- SPD pedals (mountain bike) but that's up to you (see below)
But do I need a gravel bike?
If you intend to do a lot of gravel and off road riding and you can afford another bike then yes you should absolutely buy a gravel bike. They're great fun and will improve your off road riding experience a ton.
If you're unsure about want to play around a bit first to see if you like it, then start off with your road bike on a dry day and some fairly easy trails. If you start to love it, then look at buying a new bike.
The really great thing about a gravel bike is if you fit a set of slick tyres and you've got a perfectly functioning road bike. You might not want to enter a race or fast group ride on it, but it will work perfectly well for most road riding.
Can my road bike be upgraded for gravel?
Many modern road bikes now come with wider tyre clearance and disk brakes, so can double up as gravel bikes too. These all-rounder bikes are a great option and provide pretty much everything you need in one bike. Check out Ribble's CGR range.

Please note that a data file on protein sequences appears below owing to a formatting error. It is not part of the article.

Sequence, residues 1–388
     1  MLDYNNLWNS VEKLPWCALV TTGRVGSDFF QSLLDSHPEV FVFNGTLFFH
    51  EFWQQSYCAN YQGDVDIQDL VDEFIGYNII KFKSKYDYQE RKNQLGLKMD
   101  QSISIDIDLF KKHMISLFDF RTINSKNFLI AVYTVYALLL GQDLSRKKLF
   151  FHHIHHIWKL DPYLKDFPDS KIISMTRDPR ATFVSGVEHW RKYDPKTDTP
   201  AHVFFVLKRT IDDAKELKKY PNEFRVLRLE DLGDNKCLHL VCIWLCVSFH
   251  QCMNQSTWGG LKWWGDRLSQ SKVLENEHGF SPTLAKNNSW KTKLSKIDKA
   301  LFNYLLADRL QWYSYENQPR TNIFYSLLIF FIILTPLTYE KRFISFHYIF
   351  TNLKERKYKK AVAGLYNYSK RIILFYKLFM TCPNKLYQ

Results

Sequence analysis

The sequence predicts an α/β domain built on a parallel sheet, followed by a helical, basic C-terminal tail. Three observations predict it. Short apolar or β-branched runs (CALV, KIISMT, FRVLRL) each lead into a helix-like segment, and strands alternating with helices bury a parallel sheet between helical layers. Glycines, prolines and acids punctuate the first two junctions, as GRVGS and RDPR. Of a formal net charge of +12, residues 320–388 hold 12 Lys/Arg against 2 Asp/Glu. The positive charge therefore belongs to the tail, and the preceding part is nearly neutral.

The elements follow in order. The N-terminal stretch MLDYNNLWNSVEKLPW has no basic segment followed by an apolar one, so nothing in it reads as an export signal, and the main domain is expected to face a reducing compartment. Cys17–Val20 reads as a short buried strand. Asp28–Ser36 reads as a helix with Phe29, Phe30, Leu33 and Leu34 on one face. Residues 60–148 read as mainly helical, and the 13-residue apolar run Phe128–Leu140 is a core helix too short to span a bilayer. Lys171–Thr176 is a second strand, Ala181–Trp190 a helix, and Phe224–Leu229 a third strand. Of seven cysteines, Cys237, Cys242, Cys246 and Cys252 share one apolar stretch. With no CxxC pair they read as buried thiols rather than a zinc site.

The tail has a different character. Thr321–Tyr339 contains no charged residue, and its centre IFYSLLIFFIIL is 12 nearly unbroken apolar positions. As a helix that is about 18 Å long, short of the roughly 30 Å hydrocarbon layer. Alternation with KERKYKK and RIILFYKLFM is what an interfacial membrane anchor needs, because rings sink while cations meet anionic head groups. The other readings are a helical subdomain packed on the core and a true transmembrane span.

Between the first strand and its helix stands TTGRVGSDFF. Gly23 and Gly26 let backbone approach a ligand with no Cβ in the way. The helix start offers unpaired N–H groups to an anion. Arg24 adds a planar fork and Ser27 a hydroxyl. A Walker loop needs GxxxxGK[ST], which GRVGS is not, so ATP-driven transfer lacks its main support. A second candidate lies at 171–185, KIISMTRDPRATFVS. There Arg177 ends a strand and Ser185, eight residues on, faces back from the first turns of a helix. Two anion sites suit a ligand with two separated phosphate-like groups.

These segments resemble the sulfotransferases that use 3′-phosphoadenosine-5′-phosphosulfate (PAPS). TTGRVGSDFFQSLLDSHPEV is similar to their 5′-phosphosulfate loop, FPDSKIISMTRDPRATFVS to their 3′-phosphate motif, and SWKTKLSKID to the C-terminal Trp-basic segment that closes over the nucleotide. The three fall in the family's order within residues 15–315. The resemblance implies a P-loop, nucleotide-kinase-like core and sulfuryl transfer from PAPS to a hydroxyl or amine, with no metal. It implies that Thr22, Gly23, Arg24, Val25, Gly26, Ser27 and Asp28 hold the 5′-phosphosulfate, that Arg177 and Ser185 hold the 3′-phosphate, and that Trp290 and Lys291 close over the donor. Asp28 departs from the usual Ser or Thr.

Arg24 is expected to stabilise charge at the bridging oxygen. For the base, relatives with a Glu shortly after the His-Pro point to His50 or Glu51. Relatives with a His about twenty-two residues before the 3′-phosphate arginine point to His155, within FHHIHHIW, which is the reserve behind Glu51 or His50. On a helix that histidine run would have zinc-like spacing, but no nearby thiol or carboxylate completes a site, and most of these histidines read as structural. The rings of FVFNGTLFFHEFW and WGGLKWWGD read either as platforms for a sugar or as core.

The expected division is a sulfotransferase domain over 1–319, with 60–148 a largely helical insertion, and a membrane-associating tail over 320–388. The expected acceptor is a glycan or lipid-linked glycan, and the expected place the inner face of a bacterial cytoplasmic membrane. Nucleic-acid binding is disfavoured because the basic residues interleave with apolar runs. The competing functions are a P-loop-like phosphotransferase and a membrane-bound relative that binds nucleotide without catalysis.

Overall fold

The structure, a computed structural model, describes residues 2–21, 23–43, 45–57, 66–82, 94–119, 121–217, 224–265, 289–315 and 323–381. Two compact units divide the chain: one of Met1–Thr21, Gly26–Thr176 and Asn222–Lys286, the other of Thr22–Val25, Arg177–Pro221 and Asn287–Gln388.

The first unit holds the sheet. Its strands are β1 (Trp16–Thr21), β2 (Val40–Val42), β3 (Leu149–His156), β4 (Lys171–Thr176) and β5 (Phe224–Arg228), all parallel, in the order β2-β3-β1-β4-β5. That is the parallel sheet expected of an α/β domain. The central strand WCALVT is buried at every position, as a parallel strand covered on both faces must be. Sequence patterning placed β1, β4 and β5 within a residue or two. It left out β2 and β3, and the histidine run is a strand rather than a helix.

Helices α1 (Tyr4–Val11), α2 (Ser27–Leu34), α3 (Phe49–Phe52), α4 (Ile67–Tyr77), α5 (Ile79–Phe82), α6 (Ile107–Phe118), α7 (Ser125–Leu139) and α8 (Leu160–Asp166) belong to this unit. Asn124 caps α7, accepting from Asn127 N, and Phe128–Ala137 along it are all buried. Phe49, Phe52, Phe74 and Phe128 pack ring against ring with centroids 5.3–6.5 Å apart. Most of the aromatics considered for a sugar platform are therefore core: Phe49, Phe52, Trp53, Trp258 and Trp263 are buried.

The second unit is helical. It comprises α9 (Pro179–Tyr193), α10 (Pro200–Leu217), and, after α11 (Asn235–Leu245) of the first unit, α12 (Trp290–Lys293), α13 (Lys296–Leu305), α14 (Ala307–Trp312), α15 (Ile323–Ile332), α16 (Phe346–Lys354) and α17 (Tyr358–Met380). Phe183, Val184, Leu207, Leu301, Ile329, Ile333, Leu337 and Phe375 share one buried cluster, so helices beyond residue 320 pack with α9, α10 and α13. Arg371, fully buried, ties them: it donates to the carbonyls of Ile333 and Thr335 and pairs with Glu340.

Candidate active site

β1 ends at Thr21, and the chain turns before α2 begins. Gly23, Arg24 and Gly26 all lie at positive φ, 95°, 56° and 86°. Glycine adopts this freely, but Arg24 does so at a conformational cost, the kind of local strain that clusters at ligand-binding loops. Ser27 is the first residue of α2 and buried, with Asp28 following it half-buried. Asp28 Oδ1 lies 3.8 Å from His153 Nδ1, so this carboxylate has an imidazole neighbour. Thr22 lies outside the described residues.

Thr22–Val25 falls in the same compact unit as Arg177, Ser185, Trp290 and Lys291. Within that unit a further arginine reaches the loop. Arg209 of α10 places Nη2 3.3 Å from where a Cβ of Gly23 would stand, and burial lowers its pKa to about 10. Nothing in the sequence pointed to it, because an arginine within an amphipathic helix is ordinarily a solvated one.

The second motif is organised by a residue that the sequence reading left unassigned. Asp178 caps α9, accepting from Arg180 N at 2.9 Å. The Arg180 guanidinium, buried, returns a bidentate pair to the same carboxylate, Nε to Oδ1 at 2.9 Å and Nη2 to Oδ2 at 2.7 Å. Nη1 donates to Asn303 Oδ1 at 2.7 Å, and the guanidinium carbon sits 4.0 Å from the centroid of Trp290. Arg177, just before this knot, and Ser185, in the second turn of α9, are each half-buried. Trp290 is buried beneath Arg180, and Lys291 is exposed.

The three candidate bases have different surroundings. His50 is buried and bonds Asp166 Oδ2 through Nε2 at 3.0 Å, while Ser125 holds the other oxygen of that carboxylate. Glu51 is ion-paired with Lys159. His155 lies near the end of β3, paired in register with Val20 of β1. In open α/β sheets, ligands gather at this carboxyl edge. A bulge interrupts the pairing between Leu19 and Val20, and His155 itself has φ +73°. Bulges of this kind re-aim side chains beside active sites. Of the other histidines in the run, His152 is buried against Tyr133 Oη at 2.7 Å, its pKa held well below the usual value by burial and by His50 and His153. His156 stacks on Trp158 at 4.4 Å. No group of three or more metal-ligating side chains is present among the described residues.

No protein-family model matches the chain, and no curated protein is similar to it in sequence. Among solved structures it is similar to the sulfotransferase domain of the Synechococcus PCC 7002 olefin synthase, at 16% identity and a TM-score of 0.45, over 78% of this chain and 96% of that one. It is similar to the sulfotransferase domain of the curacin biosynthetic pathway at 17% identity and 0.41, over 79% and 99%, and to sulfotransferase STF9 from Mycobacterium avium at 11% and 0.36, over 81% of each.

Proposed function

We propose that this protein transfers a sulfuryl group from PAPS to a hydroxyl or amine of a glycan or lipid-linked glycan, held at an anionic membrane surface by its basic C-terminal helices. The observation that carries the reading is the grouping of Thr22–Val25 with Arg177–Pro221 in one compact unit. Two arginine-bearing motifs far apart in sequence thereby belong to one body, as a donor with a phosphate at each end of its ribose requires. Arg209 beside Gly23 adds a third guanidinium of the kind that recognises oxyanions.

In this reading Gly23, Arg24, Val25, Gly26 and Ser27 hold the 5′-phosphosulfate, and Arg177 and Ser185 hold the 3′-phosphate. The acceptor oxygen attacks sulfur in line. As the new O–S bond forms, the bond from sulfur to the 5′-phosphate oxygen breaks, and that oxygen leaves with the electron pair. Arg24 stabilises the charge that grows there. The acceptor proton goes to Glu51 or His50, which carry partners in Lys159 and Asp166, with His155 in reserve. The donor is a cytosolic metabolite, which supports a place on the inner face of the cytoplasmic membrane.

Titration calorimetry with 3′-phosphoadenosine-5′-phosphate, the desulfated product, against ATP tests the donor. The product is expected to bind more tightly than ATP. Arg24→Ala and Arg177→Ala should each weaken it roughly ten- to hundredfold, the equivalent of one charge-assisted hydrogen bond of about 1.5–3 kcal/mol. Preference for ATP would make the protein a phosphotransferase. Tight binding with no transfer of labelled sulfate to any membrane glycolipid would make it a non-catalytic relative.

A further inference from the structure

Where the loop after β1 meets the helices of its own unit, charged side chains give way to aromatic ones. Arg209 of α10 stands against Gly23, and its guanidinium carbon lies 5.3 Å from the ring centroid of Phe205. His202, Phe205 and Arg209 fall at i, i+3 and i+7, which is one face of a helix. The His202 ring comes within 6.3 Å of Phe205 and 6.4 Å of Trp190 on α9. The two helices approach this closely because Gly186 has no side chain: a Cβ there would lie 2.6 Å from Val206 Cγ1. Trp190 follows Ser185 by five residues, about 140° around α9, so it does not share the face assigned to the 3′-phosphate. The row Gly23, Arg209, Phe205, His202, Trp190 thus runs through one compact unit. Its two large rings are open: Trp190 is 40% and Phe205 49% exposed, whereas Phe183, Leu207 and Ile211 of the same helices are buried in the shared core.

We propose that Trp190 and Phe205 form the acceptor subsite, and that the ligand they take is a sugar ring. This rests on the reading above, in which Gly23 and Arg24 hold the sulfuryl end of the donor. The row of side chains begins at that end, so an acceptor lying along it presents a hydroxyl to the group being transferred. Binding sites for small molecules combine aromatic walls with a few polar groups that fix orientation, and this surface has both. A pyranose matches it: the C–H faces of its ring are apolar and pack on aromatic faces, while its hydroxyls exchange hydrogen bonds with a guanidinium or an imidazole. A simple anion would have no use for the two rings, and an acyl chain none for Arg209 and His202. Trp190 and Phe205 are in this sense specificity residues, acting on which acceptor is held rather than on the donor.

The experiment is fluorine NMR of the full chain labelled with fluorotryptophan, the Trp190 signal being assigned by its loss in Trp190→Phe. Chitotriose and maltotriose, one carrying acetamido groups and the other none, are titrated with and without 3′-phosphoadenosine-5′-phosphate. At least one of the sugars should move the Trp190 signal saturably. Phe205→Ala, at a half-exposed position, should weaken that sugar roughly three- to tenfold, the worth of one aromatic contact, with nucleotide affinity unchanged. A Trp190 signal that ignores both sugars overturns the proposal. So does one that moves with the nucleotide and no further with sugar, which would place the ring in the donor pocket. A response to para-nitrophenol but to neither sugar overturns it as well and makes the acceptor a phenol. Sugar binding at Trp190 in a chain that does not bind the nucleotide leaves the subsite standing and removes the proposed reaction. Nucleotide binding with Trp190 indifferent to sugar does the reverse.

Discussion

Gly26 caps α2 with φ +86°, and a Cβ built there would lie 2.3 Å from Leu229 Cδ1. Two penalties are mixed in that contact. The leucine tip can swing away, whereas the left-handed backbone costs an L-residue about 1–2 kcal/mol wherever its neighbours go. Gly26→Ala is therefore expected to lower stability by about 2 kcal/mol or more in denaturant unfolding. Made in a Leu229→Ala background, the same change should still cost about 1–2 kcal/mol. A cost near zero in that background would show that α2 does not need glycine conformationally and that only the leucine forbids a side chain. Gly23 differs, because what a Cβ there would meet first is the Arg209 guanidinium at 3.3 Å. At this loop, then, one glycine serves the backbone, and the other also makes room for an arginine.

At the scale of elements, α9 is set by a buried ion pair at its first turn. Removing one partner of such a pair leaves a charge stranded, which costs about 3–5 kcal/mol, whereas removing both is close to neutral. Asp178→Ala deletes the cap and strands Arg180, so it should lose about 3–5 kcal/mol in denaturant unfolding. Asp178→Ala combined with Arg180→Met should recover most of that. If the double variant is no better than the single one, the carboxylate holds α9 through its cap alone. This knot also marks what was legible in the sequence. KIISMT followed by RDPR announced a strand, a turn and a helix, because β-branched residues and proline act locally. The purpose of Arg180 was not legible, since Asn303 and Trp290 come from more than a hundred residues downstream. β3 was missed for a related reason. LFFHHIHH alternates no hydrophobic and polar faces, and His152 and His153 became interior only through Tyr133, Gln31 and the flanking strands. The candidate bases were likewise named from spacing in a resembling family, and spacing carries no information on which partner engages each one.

If you want to check if your bike is suitable the best option is to take it into your local bike shop and ask them to advise.
It's worth remembering that you're likely to only be able to fit skinny off road tyres on a road bike. As riding a nice fat tyre through the mud is one of the best things about off roading, going the whole hog and investing is worth it.
Do I need anything else?
Bike and kit brands will try to sell you a whole new wardrobe, but the truth is whatever you're wearing is great. One of the best things about gravel riding is that there's less of the 'right kit' stigma and other nonsense of road cycling.
Want to ride in a t-shirt? Jeans? Baggy shorts? No problem - you do you. As long as you're safe, comfortable and happy, it's all good. Sadly road cycling isn't more like this, but we're working on it.
Having said that...